When you’re a teenage girl, your life is also full of shit. Your body changes, crushes screw with your emotions, you think about big-picture ideas—growing up, how to express yourself, the point of it all, God, dying, art, your place in the world, love—and you and everyone around you come up short of a satisfactory answer. If Healy can make being unable to get it up sound beautiful, your daily struggle to get someone to text you back, your teenage boredom, and your stained period panties can be beautiful too.
That ability to cast a glow over ordinary lives opens up teenage girls to The 1975, leading to something even more spectacular: genuine connection.
I don’t mean to reduce The 1975. On “I Like It When You Sleep,” particularly, Healy addresses a wide variety of subjects, and grapples with high-level philosophy by authors I haven’t read. My unifying theory of The 1975 is just an abstraction, and is probably worth little in reality.
If you’d asked any of the teenage girls at the show why they liked The 1975, you’d hear a wide variety of answers, probably none of them identical to my theory. Girls might tell you they liked the music, that it was inexorably catchy; this is true, as half the building walked out whistling the chorus from “The Sound.” Others would say they connected to the lyrics, or that they liked Healy’s philosophizing. (Has anyone else ever crammed the word “Epicurean” into a radio single before?) Some girls might even say that they liked The 1975’s aesthetic—the original black-and-white color scheme, Matty’s old all-black outfits, or the way Matty looks smoking a cigarette with his shirt open, chest tattoo visible for everyone to swoon over. Most would probably cite a combination of those reasons, although there’s no shame in any individual one, not even in being hopelessly attracted to Healy. (For example, I got into Blur because I kept seeing gorgeous pictures of bassist Alex James; I wanted to be able to put pictures of Alex up on my wall without feeling like a poser.)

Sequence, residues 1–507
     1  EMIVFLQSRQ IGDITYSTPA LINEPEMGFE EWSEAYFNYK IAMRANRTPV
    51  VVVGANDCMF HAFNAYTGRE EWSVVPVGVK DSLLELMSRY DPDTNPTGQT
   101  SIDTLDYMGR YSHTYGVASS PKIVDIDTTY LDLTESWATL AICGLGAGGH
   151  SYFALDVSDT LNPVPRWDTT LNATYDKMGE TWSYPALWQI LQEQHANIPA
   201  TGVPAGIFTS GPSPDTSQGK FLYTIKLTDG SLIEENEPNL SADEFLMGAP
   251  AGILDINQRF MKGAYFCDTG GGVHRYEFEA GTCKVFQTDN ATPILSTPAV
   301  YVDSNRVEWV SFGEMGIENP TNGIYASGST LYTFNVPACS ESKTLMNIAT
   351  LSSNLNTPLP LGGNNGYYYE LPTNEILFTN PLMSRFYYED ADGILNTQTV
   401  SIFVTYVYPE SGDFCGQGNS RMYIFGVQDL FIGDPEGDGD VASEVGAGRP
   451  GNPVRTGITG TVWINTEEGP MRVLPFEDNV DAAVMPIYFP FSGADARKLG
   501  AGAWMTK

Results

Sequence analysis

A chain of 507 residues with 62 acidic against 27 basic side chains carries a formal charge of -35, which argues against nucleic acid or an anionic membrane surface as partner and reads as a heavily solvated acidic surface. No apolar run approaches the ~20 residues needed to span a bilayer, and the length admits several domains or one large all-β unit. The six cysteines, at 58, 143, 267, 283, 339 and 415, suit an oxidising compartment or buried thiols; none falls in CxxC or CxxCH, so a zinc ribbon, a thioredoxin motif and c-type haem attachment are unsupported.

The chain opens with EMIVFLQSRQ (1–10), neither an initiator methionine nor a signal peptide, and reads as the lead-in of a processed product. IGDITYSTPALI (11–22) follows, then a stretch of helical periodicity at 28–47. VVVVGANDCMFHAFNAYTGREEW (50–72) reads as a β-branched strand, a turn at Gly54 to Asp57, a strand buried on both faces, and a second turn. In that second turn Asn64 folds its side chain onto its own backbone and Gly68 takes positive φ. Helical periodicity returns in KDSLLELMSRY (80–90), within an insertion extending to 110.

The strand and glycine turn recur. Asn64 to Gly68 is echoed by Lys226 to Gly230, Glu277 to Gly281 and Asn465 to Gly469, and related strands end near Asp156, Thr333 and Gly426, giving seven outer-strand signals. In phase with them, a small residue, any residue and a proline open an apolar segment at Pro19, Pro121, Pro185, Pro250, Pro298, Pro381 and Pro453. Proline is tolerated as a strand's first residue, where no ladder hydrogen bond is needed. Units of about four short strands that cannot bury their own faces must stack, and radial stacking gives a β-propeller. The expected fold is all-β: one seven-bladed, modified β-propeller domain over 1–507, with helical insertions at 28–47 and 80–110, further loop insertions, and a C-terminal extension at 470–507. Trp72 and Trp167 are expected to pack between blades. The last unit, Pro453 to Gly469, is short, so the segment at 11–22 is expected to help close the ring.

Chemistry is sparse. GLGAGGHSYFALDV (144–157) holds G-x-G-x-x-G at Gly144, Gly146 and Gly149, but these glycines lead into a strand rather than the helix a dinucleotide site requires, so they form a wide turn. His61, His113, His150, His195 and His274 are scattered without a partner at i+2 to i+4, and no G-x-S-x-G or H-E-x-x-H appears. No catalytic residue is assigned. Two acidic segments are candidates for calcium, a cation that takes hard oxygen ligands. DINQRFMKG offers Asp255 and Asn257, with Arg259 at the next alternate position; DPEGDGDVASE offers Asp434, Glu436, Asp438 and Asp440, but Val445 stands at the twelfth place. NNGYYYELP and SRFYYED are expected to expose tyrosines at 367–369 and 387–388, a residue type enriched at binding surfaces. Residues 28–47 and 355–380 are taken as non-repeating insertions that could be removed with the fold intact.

Still, I think there’s truth in my unifying theory. Before the show started, I struck up a conversation from the photo pit with three friends in the front row. These girls weren’t the nicest—they were rude to the group next to them, who they thought they had taken up some of their hard-fought elbow room—but they were savvy.
“When did you guys start lining up for the show?” I asked.
“Five a.m.,” one of the girls said, her tone a mix of pride and defensiveness.
“Are you all from here?”
“No, I’m from Houston,” she replied, warming to my continuation of the conversation. “She”—the girl jabbed at the companion to her left—”is also from Houston, and she”—the girl to her right—“is from New Orleans.”
“We met at a 1975 show,” the girl from New Orleans said happily.